An adhesive sensor much like a Band-Aid has been developed by Northwestern University to monitor for early signs of COVID-19 infection when connected wirelessly to an iPad.
Announced Monday, the device sticks to the throat and looks for coughing and various onset symptoms of COVID-19 to aid treatment of patients with the deadly virus.
Northwestern University said the device could prove particularly valuable as a way to diagnose COVID-19 in health care workers by detecting symptoms at an early stage.
About 25 affected individuals began using the devices two weeks ago. The patients are being monitored both in the clinic and at home. So far, more than 1,500 cumulative hours of monitoring have generated more than 1 terabyte of data. Part of the statement read:
“Capable of being worn 24/7, the device produces continuous streams of data and uses artificial intelligence to uncover subtle, but potentially life-saving, insights. Filling a vital data gap, it continuously measures and interprets coughing and respiratory activity in ways that are impossible with traditional monitoring systems.”
COVID-19 symptom sensors
About the size of a postage stamp, the soft, flexible wireless device sits at the base of the throat. From there, it monitors patterns in the throat and chest, looking for irregular or labored breathing. Additionally, the device checks for respiratory sounds, heart rate and body temperature.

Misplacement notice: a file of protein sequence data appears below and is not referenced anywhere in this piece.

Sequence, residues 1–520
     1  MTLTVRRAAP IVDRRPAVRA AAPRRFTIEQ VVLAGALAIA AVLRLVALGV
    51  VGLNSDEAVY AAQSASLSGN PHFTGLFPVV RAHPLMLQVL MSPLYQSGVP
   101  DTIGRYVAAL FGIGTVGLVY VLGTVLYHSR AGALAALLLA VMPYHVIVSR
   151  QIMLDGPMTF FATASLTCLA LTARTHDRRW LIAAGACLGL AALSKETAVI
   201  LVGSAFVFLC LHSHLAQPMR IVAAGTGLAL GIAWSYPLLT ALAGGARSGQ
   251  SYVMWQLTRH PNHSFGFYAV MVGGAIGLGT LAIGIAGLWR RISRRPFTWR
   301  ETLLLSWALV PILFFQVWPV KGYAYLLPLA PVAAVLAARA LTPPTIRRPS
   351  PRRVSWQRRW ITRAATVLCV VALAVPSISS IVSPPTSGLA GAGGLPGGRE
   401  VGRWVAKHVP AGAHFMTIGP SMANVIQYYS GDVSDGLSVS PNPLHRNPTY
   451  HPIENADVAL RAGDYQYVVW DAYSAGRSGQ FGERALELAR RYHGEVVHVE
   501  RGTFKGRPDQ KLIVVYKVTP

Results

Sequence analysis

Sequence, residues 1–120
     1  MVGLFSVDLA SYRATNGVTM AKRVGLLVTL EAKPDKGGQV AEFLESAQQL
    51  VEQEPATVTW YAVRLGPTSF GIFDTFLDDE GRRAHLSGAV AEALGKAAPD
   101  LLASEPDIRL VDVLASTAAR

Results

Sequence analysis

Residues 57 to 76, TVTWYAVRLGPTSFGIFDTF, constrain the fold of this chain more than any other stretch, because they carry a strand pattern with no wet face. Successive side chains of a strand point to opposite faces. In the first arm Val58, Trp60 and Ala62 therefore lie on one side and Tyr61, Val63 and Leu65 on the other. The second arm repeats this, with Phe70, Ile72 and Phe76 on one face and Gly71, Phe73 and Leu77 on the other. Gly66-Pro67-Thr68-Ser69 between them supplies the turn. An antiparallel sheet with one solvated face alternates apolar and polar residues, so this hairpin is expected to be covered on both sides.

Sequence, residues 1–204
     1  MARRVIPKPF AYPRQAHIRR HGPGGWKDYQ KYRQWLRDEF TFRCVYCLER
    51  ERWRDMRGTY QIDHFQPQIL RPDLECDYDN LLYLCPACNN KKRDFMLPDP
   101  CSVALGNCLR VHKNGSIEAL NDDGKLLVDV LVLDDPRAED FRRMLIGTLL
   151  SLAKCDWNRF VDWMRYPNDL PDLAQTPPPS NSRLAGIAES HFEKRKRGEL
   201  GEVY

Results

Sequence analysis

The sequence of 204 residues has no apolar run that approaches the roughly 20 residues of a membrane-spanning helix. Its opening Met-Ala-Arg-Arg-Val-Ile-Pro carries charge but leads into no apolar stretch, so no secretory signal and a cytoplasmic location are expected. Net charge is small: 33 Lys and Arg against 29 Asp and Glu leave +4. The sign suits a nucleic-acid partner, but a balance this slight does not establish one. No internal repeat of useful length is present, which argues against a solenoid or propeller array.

Researchers hope that over time, using new data already being collected, the device could pick up COVID-19 trends before workers notice them. This could provide an opportunity to engage in appropriate precautionary measures and to spur further testing as quickly as possible.
The adhesive device automatically syncs to a nearby iPad once a day when it is removed to be charged. (It does not currently offer real-time data while connected to the patient.) From there, the data is uploaded to the cloud and examined using an artificial intelligence algorithm. The software searches for symptoms related to COVID-19.
“We anticipate that the advanced algorithms we are developing will extract COVID-like signs and symptoms from the raw data insights and symptoms even before individuals may perceive them,” said Arun Jayaraman, a research scientist at Shirley Ryan AbilityLab who is leading the algorithm development. “These sensors have the potential to unlock information that will protect frontline medical workers and patients alike — informing interventions in a timely manner to reduce the risk of transmission and increase the likelihood of better outcomes.”
The device, capable of being worn 24/7, has no external ports for power or connectivity, making it easier to disinfect.